Local Governments Fear Collective Bargaining Bill
Congress could force states and cities to allow union negotiation for police and fire fighters.
Senate Majority Leader Harry Reid is pushing legislation that would grant collective bargaining rights to state and local police, fire and EMS personnel in a move vigorously opposed by local governments.
A cloture vote, which would lead to a full vote of the Senate, could occur later this week after the Senate finishes impeachment proceedings against Judge G. Thomas Porteous Jr.
State and local governments fear the bill, S.3991, will raises costs for already cash-strapped governments.
For years, collective bargaining rights have been a point of contention between public safety workers and their employers. Whenever the issue comes to a head, governors and mayors are put in the awkward position of advocating against interests of police and firefighters in the interest of saving their communities money.
National League of Cities lobbyist Neil Bomberg speculated that Reid's push to advance the bill is merely an attempt to fulfill a campaign promise of bringing it to a vote - but actually passing it could be difficult given the crowded agenda of the lame-duck Congress.
Still, the organization is urging its members to contact their legislators and emphasize their opposition, saying the bill "interferes with states' and local governments' rights to manage their employment relationships; violates federalism principles; and may be unconstitutional."
The National Association of Counties also writes that the bill has serious implications "because no funding is provided for state or local implementation."
The bill has been introduced three other times this Congress but stalled.
Unsurprisingly, organizations such as the International Association of Fire Fighters and the Fraternal Order of Police strongly support the legislation. "The right to bargain collectively over hours, wages, and working conditions is enjoyed by virtually all employees in the United States," the FOP writes. "Yet this basic right is still denied to law enforcement officers and other public safety employees across the country."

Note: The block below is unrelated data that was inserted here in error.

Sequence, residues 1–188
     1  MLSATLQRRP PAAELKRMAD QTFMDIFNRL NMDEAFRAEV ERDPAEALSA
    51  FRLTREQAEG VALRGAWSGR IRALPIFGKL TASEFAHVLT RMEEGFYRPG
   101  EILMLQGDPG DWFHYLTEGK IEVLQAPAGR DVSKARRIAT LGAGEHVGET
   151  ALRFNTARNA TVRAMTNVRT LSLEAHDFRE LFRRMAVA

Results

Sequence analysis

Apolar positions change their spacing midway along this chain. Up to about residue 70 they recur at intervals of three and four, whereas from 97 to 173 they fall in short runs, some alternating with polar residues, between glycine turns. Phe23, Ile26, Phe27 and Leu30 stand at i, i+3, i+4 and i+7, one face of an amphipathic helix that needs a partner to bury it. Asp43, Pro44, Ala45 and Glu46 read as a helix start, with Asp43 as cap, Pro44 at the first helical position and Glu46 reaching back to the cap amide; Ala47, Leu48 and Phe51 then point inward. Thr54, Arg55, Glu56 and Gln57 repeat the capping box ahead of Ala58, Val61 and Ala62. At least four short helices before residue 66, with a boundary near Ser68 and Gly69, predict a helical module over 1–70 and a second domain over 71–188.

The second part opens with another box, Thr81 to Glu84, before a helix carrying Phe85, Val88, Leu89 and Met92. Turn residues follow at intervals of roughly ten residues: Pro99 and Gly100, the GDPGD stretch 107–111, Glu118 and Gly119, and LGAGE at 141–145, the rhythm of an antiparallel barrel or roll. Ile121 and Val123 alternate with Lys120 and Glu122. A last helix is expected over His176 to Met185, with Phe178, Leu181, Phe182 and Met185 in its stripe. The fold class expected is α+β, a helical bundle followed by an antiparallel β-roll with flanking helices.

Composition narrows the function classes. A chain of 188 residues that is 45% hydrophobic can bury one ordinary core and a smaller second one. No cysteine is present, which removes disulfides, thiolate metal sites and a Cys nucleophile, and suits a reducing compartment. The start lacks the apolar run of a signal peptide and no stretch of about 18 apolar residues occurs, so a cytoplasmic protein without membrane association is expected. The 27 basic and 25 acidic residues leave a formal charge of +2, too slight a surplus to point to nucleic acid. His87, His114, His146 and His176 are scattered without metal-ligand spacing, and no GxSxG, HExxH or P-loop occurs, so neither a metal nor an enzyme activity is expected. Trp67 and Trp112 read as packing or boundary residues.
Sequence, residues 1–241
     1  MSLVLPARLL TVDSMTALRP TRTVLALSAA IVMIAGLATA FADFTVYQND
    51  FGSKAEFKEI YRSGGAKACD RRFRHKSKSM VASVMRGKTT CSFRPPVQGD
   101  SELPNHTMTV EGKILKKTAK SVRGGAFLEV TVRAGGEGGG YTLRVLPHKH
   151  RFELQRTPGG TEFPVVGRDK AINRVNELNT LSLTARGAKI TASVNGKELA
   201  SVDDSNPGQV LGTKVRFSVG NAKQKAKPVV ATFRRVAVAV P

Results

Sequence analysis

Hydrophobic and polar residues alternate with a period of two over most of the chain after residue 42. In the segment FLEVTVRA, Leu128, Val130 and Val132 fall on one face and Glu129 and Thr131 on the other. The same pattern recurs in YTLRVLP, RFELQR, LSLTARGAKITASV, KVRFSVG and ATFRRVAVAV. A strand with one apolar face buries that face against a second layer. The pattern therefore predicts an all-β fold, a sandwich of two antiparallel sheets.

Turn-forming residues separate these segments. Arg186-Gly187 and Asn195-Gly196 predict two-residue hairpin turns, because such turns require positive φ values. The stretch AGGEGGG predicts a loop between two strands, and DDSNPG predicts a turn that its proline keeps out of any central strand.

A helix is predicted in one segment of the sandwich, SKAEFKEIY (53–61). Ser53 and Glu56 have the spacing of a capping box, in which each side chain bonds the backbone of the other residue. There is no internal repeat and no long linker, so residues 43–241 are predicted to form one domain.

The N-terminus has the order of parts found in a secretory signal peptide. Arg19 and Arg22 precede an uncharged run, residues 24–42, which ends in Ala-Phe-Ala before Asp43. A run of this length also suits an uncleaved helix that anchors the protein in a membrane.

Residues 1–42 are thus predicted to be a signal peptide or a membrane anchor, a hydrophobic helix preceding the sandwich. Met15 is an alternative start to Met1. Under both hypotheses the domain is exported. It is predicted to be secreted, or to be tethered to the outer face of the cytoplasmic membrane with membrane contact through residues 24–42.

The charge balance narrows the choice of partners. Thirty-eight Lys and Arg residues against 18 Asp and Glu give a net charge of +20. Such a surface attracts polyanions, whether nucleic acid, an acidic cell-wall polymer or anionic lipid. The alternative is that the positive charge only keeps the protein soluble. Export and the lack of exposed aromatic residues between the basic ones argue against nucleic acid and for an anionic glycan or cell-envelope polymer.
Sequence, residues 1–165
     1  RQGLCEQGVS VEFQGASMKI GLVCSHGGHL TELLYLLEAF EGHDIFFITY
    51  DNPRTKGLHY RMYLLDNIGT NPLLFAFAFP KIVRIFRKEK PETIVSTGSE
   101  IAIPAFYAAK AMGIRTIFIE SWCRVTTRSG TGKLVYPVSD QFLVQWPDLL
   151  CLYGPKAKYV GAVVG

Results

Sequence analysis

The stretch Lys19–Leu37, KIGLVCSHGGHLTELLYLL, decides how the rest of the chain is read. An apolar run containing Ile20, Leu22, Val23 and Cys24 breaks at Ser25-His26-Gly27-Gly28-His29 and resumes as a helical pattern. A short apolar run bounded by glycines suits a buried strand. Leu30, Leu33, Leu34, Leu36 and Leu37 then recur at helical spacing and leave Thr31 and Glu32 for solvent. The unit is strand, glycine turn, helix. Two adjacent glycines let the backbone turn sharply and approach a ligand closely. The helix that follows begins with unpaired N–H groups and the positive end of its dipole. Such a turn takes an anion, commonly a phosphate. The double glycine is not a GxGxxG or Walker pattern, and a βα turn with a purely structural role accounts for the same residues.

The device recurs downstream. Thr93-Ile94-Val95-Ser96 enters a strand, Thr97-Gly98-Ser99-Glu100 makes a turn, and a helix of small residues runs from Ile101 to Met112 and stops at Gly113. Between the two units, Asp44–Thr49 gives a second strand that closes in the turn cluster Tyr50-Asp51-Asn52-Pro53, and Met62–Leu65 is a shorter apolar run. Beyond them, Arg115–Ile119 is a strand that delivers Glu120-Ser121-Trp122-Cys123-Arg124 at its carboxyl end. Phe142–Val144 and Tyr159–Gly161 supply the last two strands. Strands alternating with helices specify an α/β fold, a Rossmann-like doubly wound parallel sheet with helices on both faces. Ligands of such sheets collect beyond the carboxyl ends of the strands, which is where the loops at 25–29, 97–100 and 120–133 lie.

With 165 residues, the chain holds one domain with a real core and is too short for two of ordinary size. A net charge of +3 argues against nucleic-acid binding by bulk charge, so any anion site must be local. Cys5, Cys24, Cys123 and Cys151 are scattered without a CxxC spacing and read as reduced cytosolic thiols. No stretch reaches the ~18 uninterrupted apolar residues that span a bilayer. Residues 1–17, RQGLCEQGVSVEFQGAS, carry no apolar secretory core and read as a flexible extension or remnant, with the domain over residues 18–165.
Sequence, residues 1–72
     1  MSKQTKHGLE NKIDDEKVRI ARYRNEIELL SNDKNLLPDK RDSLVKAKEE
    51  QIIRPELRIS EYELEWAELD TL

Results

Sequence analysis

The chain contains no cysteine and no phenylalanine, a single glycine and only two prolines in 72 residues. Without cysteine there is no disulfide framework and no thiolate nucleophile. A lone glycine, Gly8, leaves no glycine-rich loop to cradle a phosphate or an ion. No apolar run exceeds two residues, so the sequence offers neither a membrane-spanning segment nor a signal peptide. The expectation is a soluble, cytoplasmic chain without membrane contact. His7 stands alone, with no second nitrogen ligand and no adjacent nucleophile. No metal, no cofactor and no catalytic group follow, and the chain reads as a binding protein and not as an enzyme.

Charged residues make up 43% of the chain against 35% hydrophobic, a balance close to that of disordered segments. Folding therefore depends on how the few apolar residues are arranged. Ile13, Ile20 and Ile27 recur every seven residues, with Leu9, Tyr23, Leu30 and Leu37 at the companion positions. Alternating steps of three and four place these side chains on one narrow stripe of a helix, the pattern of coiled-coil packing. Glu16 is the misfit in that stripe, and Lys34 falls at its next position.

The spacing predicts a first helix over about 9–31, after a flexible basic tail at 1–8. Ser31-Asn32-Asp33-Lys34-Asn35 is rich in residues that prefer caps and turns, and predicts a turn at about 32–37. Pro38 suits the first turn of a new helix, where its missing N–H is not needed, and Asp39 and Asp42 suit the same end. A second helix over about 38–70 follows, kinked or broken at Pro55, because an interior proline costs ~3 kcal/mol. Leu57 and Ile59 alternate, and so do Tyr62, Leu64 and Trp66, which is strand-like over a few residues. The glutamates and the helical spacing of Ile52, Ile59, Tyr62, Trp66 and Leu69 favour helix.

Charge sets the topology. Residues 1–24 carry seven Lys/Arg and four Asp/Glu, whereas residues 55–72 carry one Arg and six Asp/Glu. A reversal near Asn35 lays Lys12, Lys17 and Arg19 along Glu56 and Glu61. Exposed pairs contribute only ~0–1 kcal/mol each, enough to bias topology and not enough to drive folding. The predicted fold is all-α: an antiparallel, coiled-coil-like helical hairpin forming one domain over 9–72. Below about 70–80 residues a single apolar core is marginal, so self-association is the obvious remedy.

Under the bill, the Federal Labor Relations Authority has six months to determine whether a state's laws:
- Give public safety workers the right to form and join a labor organization
- Require employers to recognize that organization
- Give public safety workers the right to bargain over hours, wages, and terms and conditions of employment
- Make an impasse resolution — such as mediation or arbitration — available if those discussions fail.
States that already have those guidelines in place won't have to make any chances. But those that don't will be required by federal law to change them.
The deadline is either two years after Reid's bill passes or the final day of the first new legislative session after its passage — whichever is later.
The bill also bans employers from locking out public safety workers while prohibiting the workers from going on strike or launching any other type of work slowdown. However, those provisions of the bill do not preempt existing state laws.